Today’s Headlines: Trump attacked a Secret Service agent, former White House aide says

A woman in a suit jacket sits behind a microphone at a large table.
Cassidy Hutchinson testifies Tuesday during the sixth hearing of the House Select Jan. 6 committee.
(Brandon Bell / Getty Images)

By Elvia Limón, Laura Blasey and Amy Hubbard

Hello, it’s Wednesday, June 29, and here are the stories you shouldn’t miss today:


Trump knew supporters were armed and urged them to march on the Capitol, according to testimony

Former President Trump and his chief of staff, Mark Meadows, were aware the Capitol was a target of violence and that Trump supporters were armed with weapons when the president urged them to march to the building on Jan. 6, 2021, a former aide testified in a bombshell hearing that also revealed Trump repeatedly pushed to pardon those involved in the attack.


In a hearing abruptly called by the House panel investigating the Capitol insurrection, Meadows’ former aide Cassidy Hutchinson gave a detailed accounting that the Secret Service informed Meadows in advance that violence was possible Jan. 6, and that Trump expected to lead the crowd to the Capitol to pressure lawmakers to keep him in office — an act the White House counsel warned could be a crime.

Hutchinson said she learned that Trump went so far as to grab the steering wheel of the presidential SUV and attack a Secret Service agent when he was told his security detail would not take him to the Capitol on Jan. 6.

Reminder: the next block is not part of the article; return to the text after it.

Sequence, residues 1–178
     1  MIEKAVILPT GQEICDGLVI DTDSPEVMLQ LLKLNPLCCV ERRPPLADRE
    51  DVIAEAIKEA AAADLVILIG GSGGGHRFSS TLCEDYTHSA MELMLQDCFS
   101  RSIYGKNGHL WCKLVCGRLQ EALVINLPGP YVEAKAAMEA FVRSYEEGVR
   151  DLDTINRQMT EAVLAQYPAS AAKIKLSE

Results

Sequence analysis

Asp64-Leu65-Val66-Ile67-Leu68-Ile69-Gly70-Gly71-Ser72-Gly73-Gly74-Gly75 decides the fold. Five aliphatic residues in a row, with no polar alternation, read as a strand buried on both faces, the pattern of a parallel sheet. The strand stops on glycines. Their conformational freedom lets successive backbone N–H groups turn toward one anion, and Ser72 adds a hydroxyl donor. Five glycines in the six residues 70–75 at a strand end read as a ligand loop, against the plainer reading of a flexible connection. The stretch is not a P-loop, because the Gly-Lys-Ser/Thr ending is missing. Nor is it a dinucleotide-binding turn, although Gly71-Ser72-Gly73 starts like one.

More about the hearing

What would California’s constitutional amendment on abortion do?

California voters in November will consider a constitutional amendment enshrining abortion rights. Senate Constitutional Amendment 10 would, if approved by a majority of voters, further codify the state’s already progressive reproductive rights, which grant anyone of reproductive age “the fundamental right to choose to bear a child or to choose and to obtain an abortion.”

Currently, those rights in California are upheld by case law and statutory laws, but Senate President Pro Tem Toni Atkins (D-San Diego), who proposed the amendment, said hostile attacks on abortion access convinced her those aren’t enough.


More on the Roe decision

  • Facebook and Instagram have begun promptly removing posts that offer abortion pills.
  • A federal court allowed Tennessee to ban abortions as early as six weeks into pregnancy, while a Texas judge temporarily blocked enforcement of that state’s ban on virtually all abortions.
  • The midterm primary season enters a new, more volatile phase as voters participate in the first elections since the Supreme Court’s decision revoking a woman’s constitutional right to an abortion jolted the nation’s politics.

“We are in mourning”: 51 died in a stifling tractor-trailer

The number of people who died after apparently being abandoned in a sweltering tractor-trailer in Texas rose to 51 in a suspected human-trafficking operation now under investigation by the Department of Homeland Security.

Among them were 22 Mexican nationals, seven Guatemalans and two Hondurans, Mexican Foreign Affairs Secretary Marcelo Ebrard said on Twitter. Federal prosecutors arrested at least two men in connection with the deaths.

FDA advisors recommended updating the COVID booster shot formula for fall

Some U.S. adults are a step closer to getting updated boosters this fall, as government advisors voted that it was time to tweak the shots to better match the most recent virus variants. The Food and Drug Administration will have to decide the exact recipe but expect a combination shot that adds protection against a version of the super-contagious Omicron variant to the original vaccine.